Yes, a vignette is that strange filter on your Instagram. But is also an interior design term that means groupings, normally on tables or shelves. Get creative! Snaz up your sweetheart table, the sign-in table, or even the altar or window ledge behind you during your ceremony. Use accessories like photos, mirrors, flowers or other foliage, vases, candlesticks, and other touches that have personal meaning to you and your groom, your parents, or your maid of honor.
Here are 5 tips for creating vignettes that will fit your theme and your budget. Remember, less is more!
1. Symmetry or Asymmetry?
If your wedding is a very traditional and very formal affair, then stick with symmetric displays on the main focal points of the ceremony and reception: the aisle, the altar, the sign-in table, the cake table,, the sweetheart table (if there is one, if not, the wedding party table.)
If your wedding is going to be more casual — think bohemian and elopement — you can play with more asymmetrical groupings. Heights of objects won’t need to be perfectly balanced, colors don’t need to be the exact same hex code or pantone.
This sweetheart table stuck with the white roses that decorated the guests tables and the bride’s bouquet, but varied the vase heights and the textures: from beveled silver to clear glass. Notice they also kept it very symmetric.
2. Pick a light source (and move away from the wall).
Don’t put your bridal portrait in a dark corner! Arrange a tableau near a window, or around a lamp. If candles are a major element in your design, make sure they cast enough light. Nothing about your wedding day should be dark. You don’t want all of your decorations and hard work lost to the shadows.
While well-stacked and colorful, this yummy vignette was up against the wall, making it a little dark and less of a focal point. Now, if this had been in line with a Halloween or Festive Fall theme, it may have been enhanced with strategic candles to at least create some flickering mood lighting.
The aim is to create interest that moves your guests around the space to look at the table centerpieces, the sentimental trinkets on your sign-in table, the cake pushed toward the front. Not everything needs to line up, but everything needs to be well-lit.
3. Odd Numbers. Think, the ‘Rule of 3’
According to Wikipedia, ‘things that come in three are inherently funnier, more satisfying, or more effective than other numbers of things.’ Your vignette should make a statement, as bold or as simple as you’d like. So keep it balanced. Human brains have decided that 3 is the magic number. It isn’t too many objects, so that your shelf or your table looks cluttered, and it isn’t too few so that it looks bare and unplanned.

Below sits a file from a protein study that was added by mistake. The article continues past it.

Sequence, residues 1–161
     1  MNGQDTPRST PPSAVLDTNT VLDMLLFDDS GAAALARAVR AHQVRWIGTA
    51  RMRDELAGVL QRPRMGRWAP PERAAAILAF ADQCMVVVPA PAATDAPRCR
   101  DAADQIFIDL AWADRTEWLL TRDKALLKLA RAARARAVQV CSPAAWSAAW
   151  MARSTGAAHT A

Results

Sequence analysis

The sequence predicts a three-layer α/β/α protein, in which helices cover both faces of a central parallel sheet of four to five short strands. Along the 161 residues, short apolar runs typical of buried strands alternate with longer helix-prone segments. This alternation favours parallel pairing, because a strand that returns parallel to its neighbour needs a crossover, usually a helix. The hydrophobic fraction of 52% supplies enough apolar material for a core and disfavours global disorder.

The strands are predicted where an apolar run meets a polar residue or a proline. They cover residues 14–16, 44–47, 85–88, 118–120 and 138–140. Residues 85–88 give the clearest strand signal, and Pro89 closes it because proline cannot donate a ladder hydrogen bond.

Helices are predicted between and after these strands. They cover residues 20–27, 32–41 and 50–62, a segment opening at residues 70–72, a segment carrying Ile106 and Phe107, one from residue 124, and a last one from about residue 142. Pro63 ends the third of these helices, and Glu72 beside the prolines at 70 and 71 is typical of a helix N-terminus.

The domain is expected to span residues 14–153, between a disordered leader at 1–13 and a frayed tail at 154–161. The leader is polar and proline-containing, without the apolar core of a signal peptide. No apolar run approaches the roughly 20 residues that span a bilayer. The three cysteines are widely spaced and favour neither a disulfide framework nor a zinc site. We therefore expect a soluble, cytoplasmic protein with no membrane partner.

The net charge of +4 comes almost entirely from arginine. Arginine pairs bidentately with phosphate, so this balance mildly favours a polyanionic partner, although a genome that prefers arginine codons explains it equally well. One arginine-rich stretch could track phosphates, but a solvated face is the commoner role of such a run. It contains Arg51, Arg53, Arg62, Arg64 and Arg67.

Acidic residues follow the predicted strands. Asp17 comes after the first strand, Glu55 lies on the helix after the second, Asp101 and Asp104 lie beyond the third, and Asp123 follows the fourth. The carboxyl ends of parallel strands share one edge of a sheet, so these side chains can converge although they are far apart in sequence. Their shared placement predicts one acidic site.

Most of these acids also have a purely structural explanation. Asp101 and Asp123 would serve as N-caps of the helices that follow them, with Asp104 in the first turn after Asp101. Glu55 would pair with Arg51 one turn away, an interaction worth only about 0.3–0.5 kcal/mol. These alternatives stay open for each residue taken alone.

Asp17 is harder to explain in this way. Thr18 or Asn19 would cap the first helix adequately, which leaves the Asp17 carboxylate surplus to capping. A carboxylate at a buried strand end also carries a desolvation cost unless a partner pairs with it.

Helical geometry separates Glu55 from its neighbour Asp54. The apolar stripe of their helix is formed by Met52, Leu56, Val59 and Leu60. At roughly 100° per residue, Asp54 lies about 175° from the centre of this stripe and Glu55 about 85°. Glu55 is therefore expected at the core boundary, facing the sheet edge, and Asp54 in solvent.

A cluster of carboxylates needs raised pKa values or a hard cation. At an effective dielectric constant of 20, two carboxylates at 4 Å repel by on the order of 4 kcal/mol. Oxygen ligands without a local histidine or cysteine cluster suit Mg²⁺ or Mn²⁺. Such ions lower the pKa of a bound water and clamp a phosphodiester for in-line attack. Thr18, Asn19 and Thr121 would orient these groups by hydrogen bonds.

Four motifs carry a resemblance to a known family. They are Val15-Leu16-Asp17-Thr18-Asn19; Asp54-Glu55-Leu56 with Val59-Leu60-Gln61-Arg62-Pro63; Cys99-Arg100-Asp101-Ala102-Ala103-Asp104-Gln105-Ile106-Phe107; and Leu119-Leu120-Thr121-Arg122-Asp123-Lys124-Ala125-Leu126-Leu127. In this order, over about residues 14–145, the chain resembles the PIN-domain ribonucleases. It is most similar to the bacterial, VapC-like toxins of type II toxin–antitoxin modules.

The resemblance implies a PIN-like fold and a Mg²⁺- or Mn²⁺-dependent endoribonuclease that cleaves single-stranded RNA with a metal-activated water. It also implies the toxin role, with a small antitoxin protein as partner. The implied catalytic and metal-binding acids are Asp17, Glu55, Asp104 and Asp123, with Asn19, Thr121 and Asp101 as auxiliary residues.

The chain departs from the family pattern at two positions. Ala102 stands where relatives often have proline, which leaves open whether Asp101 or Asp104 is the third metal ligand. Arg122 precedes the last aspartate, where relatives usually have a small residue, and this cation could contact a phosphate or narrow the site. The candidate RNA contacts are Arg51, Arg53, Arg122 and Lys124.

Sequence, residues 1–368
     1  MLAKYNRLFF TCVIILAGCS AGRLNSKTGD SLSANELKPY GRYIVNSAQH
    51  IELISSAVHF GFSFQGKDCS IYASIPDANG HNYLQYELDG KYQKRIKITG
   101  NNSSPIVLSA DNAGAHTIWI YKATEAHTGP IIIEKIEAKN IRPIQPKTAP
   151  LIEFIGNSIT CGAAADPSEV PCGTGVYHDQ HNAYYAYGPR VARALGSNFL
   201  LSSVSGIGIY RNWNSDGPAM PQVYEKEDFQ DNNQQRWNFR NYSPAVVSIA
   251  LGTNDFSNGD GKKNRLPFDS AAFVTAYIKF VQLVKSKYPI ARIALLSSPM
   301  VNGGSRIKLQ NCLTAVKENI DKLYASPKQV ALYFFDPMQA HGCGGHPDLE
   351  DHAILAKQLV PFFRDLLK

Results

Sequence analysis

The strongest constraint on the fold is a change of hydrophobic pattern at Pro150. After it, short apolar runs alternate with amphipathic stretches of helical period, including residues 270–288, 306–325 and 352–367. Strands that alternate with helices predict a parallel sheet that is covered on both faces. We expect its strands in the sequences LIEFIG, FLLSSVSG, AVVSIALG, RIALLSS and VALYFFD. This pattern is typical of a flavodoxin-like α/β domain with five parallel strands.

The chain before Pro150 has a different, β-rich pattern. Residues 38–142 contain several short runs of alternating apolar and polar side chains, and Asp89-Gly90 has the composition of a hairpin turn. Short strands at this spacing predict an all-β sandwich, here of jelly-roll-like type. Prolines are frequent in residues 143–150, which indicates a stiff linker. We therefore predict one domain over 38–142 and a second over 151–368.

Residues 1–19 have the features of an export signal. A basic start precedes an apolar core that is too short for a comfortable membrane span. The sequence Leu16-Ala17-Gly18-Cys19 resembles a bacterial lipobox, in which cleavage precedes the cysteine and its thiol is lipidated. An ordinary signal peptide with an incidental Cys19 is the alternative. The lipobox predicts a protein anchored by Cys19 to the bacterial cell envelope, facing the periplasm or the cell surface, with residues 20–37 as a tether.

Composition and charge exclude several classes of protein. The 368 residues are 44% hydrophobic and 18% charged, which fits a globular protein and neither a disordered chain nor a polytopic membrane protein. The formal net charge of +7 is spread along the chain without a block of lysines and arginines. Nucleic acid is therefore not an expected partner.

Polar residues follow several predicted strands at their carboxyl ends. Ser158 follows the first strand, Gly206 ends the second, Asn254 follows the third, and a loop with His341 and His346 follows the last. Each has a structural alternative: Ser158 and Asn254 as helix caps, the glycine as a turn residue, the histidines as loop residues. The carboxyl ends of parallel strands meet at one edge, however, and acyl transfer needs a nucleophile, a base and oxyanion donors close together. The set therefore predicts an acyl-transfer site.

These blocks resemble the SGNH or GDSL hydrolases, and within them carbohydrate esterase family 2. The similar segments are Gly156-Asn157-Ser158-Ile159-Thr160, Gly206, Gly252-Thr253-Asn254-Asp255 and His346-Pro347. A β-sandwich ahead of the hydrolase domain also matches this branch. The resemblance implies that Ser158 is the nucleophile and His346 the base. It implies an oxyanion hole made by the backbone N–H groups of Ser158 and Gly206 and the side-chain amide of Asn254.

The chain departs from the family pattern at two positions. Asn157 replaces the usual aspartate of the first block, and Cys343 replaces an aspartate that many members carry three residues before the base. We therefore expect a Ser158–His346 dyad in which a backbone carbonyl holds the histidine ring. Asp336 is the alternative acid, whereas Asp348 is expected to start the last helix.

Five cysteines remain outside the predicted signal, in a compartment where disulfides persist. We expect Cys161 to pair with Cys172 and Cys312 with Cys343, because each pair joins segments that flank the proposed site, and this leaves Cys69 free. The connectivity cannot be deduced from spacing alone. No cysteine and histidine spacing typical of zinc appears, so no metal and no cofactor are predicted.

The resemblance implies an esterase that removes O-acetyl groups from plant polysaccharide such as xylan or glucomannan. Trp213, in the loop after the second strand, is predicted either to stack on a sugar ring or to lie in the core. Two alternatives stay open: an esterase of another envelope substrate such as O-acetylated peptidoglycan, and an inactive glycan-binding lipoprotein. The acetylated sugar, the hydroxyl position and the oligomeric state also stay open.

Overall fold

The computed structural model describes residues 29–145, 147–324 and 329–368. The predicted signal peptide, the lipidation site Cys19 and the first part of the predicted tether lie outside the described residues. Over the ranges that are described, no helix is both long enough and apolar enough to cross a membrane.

4. Vary Heights & Textures
It’s like your favorite layered necklaces. Lead your guests’ eyes up and down across & around the whole ceremony space, directing them to where you and your beloved stand. Think of your theme. Do stacked books suit you and your love’s personalities or interests? What about pedestals that mirror the archway you’ll be standing under?
Mix shiny objects with rough wood and natural greenery. Arrange iron chandeliers with soft yellowed lace. Layers create depth and therefore visual interest.
Notice the play with heights between the glass of tiny gourds and the tea lights, the color coordination and contrast between the bridal portrait and rich fall colors, and the textures of the weathered frame, the glass vase, and the burlap table runner.
5. Stick to your theme!
If you have live peacocks at your venue and really want to show them off, make sure your centerpieces feature peacock feathers and coordinating jewel tone table confetti or candle holders. If you’re walking down a sandy aisle in your bare feet to the sound of waves crashing, incorporate sea shells and fish nets.
The aim of the vignette is to create visual interest that accentuates and compliments the event, not distracts from it.
And one last tip!
Don’t be afraid to break the rules. If a perfectly monochromatic table setting is what you want, go for it. If it’s super windy, you may not want teeteringly-tall vases or picture frames. It’s your day, so make it your own.